“Ditching the Spousal RRSP” is a post by Adina J, in which she explains why she’s already decided to break one of her New Year’s Resolutions.
We are about two weeks into the new year, and I have already decided to break one of my resolutions. But, but, but… it was a well-considered decision (with input from TiFi readers, no less), so hear me out. My husband and I have decided to ditch the spousal RRSP idea.
Before I get into the reasons, here’s a high-level summary of what the spousal RRSP is all about. It’s an income-splitting vehicle for couples whose respective incomes are significantly different (or single-income couples). A spousal RRSP allows the higher-earning partner to make RRSP contributions in the name of the lower-earning partner. The higher-income partner still benefits from the associated tax deduction. The lower-income partner’s eventual withdrawals will be taxed at their (presumably) lower marginal rate.
Contributions to a spousal RRSP count toward the contributing partner’s RRSP deduction limit; for 2012, the maximum RRSP deduction limit is 18% of your income or $22,970, whichever is lower (plus any unused RRSP contributions carried forward from the years 1991-2011). The total of any personal RRSP contributions and spousal RRSP contributions cannot exceed your RRSP deduction limit in any given year, or else you’ll be subject to penalties. (Editor Joe’s Note: I’d be interested to know whether your $2000 lifetime over-contribution limit applies to spousal RRSPs, too.)
Since retired Canadian couples can now split pension income (including withdrawals from RRIFs) you might think the spousal RRSP should be retired. Not so. It creates useful tax-minimization strategies:
- Withdrawals from a spousal RRSP can be made at any time, even before the annuitant turns 65 – hence, a spousal RRSP creates the possibility of income-splitting long before retirement. There is, however, a significant catch. Withdrawals cannot be made within 3 calendar years of the last contribution, as in that case the withdrawal is treated as income of the contributing (higher-earning) partner rather than the beneficiary, and taxed at the higher rate.
- A first time home buyer can withdraw up to $25,000 from her RRSP, provided the money is in the account for at least 90 days, using the Home Buyer’s Plan. If a couple is buying a home for the first time, each of them can withdraw up to $25,000 from their respective RRSPs — even if one spouse is taking it from a spousal RRSP.
- You can’t contribute to your own RRSP after the end of the calendar year in which you turn 71. A retired person who is much older than his spouse can contribute to a spousal RRSP, which has the same age limit. If the retired person still has a good deal of otherwise RRSP-eligible income, such contributions can result in massive tax savings.
Initially, I was drawn to the idea of setting up a spousal RRSP because I thought it would allow my husband and I to equally fund our respective retirement funds, but still benefit from tax deductions available to me, as the higher-earning partner. The notion of equality was an important one mostly from a psychological perspective; we are a “joint finances” family, and we actively work to make sure that they remain on a truly equal footing, despite the disparity in our incomes. Considering how closely money and power are intertwined in the collective subconscious, this can quickly become an exercise fraught with pitfalls in the context of a relationship (and that’s even when you don’t listen to idiots like this one). We’ve managed to dodge the pitfalls so far, and I figured that a spousal RRSP would be a good tool to add to our arsenal.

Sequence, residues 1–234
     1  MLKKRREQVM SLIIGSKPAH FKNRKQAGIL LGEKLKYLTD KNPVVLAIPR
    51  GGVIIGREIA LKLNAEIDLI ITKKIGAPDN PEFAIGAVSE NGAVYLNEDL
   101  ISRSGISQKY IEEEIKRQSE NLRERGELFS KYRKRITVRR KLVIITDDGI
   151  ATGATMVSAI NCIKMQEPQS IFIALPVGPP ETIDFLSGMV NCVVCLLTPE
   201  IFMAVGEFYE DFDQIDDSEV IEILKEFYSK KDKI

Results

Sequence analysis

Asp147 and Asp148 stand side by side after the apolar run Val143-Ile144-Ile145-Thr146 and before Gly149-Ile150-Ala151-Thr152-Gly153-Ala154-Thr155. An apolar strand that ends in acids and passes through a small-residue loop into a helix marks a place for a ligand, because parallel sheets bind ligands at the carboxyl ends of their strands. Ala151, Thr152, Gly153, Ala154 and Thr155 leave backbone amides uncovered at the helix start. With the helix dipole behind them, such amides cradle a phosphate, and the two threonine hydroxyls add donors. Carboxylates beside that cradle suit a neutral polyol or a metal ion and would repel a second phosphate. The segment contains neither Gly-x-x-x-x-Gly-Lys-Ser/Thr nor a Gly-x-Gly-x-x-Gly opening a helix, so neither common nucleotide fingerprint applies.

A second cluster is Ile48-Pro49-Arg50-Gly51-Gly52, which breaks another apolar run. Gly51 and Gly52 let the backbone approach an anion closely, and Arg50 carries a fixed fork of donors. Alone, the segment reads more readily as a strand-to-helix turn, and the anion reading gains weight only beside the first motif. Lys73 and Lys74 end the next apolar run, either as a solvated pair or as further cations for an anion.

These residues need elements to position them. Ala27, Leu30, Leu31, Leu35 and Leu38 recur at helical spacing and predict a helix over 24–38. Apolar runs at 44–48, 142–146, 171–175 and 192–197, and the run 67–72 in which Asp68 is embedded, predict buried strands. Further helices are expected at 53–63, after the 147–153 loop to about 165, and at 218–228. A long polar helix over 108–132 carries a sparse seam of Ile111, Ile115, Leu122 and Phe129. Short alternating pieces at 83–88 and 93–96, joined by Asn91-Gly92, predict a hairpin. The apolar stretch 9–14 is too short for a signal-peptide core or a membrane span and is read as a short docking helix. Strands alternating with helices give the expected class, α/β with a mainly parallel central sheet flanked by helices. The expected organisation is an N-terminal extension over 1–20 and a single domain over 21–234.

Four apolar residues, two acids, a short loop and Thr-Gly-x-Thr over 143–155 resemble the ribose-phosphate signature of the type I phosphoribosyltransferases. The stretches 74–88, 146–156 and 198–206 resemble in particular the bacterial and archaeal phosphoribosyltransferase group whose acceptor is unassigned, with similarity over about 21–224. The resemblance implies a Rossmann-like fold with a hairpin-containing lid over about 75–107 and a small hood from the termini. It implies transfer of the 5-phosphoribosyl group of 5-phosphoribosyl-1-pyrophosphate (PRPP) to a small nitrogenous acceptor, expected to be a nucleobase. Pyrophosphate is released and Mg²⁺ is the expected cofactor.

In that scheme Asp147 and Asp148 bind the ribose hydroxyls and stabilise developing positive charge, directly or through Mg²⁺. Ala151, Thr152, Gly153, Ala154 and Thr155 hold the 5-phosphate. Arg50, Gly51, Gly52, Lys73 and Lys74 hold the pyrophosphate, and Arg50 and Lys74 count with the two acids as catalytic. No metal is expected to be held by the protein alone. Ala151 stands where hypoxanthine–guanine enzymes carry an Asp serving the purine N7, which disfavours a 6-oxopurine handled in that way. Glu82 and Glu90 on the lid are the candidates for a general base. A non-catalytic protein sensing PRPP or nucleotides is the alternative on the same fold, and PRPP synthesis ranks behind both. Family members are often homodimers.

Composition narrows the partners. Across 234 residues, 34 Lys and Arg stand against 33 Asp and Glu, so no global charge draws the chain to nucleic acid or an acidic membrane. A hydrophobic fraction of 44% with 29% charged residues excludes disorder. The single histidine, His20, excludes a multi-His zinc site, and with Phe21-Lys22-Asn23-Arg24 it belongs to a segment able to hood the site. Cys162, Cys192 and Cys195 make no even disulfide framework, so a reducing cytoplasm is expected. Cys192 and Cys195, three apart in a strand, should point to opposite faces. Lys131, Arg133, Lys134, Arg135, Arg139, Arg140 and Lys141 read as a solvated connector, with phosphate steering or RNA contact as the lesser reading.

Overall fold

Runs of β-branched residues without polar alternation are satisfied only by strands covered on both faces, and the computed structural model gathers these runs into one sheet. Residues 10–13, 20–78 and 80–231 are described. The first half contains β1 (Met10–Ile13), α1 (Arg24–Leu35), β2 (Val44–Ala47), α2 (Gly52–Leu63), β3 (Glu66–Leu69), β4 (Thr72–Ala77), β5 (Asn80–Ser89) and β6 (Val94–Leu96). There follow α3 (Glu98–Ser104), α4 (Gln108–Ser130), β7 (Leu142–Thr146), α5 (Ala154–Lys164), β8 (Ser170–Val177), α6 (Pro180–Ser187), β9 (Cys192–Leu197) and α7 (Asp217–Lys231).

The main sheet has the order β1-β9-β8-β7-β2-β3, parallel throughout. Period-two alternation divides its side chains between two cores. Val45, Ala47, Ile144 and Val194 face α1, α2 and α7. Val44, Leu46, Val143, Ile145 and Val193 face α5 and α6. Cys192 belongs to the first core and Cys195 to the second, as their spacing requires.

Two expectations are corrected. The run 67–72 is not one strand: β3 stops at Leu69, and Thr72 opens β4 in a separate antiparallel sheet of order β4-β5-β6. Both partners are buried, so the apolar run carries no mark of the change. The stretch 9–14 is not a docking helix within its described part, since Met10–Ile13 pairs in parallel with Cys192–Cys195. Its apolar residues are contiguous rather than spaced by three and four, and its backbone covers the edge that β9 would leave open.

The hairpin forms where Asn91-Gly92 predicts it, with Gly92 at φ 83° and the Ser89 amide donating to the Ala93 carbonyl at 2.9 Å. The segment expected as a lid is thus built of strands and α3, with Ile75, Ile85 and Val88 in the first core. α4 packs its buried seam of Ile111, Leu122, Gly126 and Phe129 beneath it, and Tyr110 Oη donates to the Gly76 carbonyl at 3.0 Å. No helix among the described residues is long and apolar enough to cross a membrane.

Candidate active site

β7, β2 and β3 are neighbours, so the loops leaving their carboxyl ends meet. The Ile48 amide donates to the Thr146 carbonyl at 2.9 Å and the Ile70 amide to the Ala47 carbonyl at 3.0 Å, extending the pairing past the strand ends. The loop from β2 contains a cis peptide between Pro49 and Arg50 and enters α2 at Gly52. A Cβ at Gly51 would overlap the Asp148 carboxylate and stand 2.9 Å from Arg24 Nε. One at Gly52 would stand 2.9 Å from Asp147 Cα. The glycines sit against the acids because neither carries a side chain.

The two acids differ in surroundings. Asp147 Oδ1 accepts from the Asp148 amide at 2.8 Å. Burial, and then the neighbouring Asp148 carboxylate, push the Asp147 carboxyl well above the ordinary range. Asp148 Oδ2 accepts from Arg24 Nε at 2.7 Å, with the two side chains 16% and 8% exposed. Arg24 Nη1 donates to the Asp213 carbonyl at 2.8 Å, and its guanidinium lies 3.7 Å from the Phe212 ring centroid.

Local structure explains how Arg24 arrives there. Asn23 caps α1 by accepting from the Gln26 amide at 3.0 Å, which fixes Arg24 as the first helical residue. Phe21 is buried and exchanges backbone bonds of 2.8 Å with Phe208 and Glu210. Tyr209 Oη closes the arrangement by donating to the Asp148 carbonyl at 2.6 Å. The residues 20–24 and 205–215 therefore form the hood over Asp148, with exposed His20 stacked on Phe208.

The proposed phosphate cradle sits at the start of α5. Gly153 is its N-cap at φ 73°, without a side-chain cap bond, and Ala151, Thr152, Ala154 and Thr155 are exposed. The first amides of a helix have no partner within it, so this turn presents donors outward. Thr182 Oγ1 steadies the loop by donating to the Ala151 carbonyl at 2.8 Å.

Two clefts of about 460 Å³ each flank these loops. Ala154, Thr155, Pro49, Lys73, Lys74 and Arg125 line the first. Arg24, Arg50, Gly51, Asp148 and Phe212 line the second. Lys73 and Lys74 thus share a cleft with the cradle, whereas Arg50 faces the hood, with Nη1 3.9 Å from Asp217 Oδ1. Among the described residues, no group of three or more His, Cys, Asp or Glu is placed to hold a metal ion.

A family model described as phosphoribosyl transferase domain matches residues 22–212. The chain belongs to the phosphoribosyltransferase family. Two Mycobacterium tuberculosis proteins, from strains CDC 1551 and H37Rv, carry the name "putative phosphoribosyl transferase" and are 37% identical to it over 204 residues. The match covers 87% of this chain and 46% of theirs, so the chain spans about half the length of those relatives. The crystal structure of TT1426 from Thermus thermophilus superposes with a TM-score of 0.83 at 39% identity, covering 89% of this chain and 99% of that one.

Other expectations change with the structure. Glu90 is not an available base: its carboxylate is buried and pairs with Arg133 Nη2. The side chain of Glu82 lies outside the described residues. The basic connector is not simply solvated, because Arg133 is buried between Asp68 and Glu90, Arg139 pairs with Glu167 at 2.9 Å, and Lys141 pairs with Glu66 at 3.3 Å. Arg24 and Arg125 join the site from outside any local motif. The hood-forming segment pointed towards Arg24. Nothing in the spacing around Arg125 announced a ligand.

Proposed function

When I originally brought up the idea back in December, some TiFi readers raised a couple of valid points that made me reconsider our strategy:
- The government now allows for pension income to be split between partners, which includes RRIF income (provided that you’re at least 65 years old). (Withdrawals from an RRSP, by the way, are not eligible.)
- We don’t plan on withdrawing from our RRSPs before we turn 65 and we already own a house, thus rendering moot the benefits of a spousal RRSP.
True, the “equality” argument would still be valid — but is it worth the extra hassle of setting up a fourth (!) RRSP for our household? After a candid discussion, my husband and I agreed that it was not worth it. The consensus was that having the bulk of our retirement savings under my own name would likely not awaken any tyrannical tendencies in my nature, or otherwise upset the balance of our “joint finances” enterprise. We will continue to make joint decisions regarding our overall contribution to retirement savings, our investment vehicles and strategies, plus everything else related to the topic — just as we do about every other aspect of our financial life. On paper, I may end up looking like the more prosperous spouse, and that’s okay. We’re getting too old to care about appearances anymore.
So, going forward, the plan (dare I call it a resolution?) is to save the same overall amount for retirement ($2,000 per month*) but focus on maxing out my RRSP deduction limit first, and then help my husband maximize his own RRSP. In practical terms, we are looking at something like a $1,500/$500 split. We will most likely augment my husband’s side of the balance sheet by topping up his TFSA, which has about $20K worth of contribution room. So, while I feel a bit sheepish about having to (already!) break one of my resolutions, I think my logical plan justifies it.
*I actually contribute an additional $175/month into an employer-sponsored RRSP, an amount which is then matched by my ermployer. Before you ask, $175 is the maximum amount I can get matched. Since the RRSP options offered in the plan are limited (forget ETFs!), there is little point for me to invest more.